Mail Delivered But Where

In the modern age of online purchases, the volume of shipped orders continues to increase.  For some carriers, it is becoming evident more mistakes are being made, as well.

The USPS mail delivery driver who delivers your mail can unfortunately make a mistake. You might end up with a package that is addressed to your neighbor or vice versa and they may be given yours. If you unintentionally open mail that is not addressed to you, it is best to reseal and write “Return to Sender” or “Delivered to Wrong Address” by the person’s name with whom the mail should be delivered. By taking this action, the USPS will recognize the mistake and redeliver the letter to the correct person’s address. If you decide to throw the piece of mail into the trash, you have committed a crime – as that action has intentionally obstructed and stopped the delivery process.

The federal statute 18 USC Section 1702 states: “It is illegal for individuals to open correspondence that is addressed to other individuals. The law was created to punish individuals who knowingly open mail that is addressed to someone else.” These type of people may be looking for personal information that they can abuse or valuable items that they can steal. When an incorrect delivery is made to your mailbox or door, the USPS is relying on you to do the right thing and reroute the mail to its intended recipient. Carriers sometimes have difficulty getting it right the first time.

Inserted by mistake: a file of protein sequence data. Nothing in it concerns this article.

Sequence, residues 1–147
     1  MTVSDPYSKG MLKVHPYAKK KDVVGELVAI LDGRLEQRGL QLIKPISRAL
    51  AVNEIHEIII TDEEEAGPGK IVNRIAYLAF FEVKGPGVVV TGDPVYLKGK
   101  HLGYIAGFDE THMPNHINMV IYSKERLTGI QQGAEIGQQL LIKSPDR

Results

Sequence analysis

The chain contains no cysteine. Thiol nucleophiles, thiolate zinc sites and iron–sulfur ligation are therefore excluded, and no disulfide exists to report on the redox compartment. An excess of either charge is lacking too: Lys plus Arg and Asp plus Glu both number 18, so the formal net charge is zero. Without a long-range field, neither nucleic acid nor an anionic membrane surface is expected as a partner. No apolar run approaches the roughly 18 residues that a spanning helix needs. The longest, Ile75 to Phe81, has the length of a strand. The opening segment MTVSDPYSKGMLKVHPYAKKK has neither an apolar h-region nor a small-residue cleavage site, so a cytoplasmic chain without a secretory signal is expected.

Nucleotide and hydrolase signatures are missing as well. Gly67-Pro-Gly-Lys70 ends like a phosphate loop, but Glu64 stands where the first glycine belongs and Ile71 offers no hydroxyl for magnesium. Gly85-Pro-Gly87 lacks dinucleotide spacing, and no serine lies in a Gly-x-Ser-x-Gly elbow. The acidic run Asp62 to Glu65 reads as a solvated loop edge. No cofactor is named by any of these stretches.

The owner or tenant before you might continue to receive mail at your home if you just recently moved in. This is especially common if they didn’t forward their mail with the USPS or if they receive mail that services can’t forward. Don’t discard letters or packages that come to your home addressed to the person who lived there before. Redirecting the mail is the safest way to make sure you stay on the right side of the law.

It is also against the law to break into someone’s mailbox, even if you’re legally permitted to read the mail – do this, and you could be charged with the crime of mailbox tampering. The government does not take the theft of mail lightly when sentencing individuals who commit this crime. If a person steals parcels or letters from the USPS and is caught and charged for the crime, they may serve a sentence that lasts as much as five years in federal prison and fines of up to $250,000. Typically, if they intentionally stole mail for the purpose of committing another crime, this sentence will run concurrent to sentences given for those other crimes.

If you are the unfortunate consumer that bought something online and your product never reached the right destination, there’s a reason “snail mail” got its name.  If your mailed item has not arrived, you will need to check USPS Tracking before taking any action.  According to their website, USPS will not immediately help you find out where your parcel ended up either.  “Not until 14 days have passed since the date of mailing and the recipient has confirmed the item has not arrived” are you allowed to even submit a Search Request for your lost mail.  The Postal Service also admits that submitting a search does not guarantee a successful outcome

Alternative carriers like DHL, FedEx, and UPS typically provide quicker and more dependable services, but may not be offered as an option from all internet sellers.  Depending on the size and weight of the parcel, using an alternative carrier may also cost you more for shipping… and they don’t always get it right either.

Let’s hope in the near future, drone delivery is more efficient at finding the right destination… the first time.


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